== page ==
Magazine article Regulation

Renewable Electricity

Magazine article Regulation

Renewable Electricity

Article excerpt

Renewable Electricity

"Setting with the Sun: The Impacts of Renewable Energy on Wholesale Power Markets," by James Bushnell and Kevin Novan. August 2018. University of California, Berkeley Energy Institute Working Paper #292.

Recent trends in electricity production have altered prices in wholesale markets and thus the economics of traditional generation. Historically, coal and nuclear plants had high capital costs and low marginal costs. They operated continuously and their output could not vary easily to match the daily demand cycle. Smaller plants fueled by natural gas or oil had lower capital costs and higher marginal costs, and their output could vary to follow demand during the day. The smaller plants' higher operating costs were reimbursed by higher wholesale prices during the daytime and those higher prices also contributed revenue for the higher capital costs of nuclear and coal plants.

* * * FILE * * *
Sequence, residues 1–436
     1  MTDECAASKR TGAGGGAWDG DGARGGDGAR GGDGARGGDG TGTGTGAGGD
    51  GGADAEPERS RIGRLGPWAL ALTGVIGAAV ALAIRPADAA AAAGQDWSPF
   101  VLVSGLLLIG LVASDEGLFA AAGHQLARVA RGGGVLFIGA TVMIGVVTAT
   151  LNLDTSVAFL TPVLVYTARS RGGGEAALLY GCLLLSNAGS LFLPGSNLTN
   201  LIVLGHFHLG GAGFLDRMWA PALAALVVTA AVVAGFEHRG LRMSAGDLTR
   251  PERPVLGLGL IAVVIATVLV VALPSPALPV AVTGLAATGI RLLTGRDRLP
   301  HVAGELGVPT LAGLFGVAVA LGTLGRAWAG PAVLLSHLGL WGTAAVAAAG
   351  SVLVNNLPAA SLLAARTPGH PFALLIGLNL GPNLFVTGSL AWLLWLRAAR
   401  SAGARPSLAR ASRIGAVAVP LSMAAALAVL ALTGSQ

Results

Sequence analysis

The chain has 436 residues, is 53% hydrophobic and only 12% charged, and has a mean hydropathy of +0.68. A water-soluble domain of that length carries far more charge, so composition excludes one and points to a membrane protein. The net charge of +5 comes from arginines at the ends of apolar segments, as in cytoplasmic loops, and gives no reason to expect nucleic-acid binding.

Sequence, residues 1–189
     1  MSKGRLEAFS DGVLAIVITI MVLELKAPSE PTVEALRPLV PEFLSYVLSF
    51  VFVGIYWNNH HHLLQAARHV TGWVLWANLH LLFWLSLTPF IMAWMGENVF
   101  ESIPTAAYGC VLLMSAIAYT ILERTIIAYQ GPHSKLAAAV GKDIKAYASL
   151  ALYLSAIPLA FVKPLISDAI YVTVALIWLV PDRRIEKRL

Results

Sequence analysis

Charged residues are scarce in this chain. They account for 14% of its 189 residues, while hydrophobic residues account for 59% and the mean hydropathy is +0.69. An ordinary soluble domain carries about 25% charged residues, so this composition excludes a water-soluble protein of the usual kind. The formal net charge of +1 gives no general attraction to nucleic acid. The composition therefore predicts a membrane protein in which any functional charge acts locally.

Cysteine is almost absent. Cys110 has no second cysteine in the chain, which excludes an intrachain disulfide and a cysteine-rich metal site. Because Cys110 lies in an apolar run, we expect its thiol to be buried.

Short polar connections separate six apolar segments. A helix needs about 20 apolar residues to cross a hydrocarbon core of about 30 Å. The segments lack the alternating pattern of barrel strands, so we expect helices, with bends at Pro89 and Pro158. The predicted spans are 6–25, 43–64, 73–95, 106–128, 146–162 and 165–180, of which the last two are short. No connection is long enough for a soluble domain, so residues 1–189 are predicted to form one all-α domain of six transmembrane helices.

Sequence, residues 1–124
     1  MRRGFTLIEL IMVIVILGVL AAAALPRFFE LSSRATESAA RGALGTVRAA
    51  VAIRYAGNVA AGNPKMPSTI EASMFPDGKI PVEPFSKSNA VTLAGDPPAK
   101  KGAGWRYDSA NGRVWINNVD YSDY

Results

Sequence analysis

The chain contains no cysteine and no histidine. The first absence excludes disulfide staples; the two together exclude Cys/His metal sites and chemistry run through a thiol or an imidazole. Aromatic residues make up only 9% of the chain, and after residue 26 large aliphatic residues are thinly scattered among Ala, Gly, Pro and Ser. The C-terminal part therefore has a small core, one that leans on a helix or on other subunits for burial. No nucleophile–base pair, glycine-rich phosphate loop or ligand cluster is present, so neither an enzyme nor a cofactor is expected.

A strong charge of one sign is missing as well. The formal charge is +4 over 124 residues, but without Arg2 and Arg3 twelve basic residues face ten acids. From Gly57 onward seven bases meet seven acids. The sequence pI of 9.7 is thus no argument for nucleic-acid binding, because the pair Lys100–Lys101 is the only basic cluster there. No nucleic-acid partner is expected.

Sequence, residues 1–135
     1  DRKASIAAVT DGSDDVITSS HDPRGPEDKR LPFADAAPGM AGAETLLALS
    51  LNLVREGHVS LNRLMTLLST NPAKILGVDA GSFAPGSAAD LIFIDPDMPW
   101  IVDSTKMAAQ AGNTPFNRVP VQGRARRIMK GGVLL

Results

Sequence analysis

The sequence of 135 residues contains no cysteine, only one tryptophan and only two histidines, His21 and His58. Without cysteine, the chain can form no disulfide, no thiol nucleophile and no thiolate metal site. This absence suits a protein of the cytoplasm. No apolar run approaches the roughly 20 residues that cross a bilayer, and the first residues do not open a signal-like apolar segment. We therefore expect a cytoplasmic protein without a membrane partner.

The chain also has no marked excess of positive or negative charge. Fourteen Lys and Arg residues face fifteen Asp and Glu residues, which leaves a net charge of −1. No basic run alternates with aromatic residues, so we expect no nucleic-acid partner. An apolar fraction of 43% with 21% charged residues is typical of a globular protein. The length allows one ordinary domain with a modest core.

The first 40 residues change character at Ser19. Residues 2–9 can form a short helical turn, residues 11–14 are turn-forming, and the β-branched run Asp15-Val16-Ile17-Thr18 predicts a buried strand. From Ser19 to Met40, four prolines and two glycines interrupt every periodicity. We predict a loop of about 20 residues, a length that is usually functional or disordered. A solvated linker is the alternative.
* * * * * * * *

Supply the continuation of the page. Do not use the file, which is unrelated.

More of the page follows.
The addition of subsidized and mandated solar to this generation picture has altered the economics of electricity production. Prices in the California market are now lower during the daytime than they were several years ago. University of California, Berkeley energy economist Catherine Wolfram noted last year that prices in the Southern California market were negative during the midday for 19 days during March and April 2017. As energy economist Jonathan Lesser argued in these pages ("The High Cost of LowValue Wind Power," Spring 2013), those lower prices reduce the returns to traditional baseload coal and nuclear generation. …

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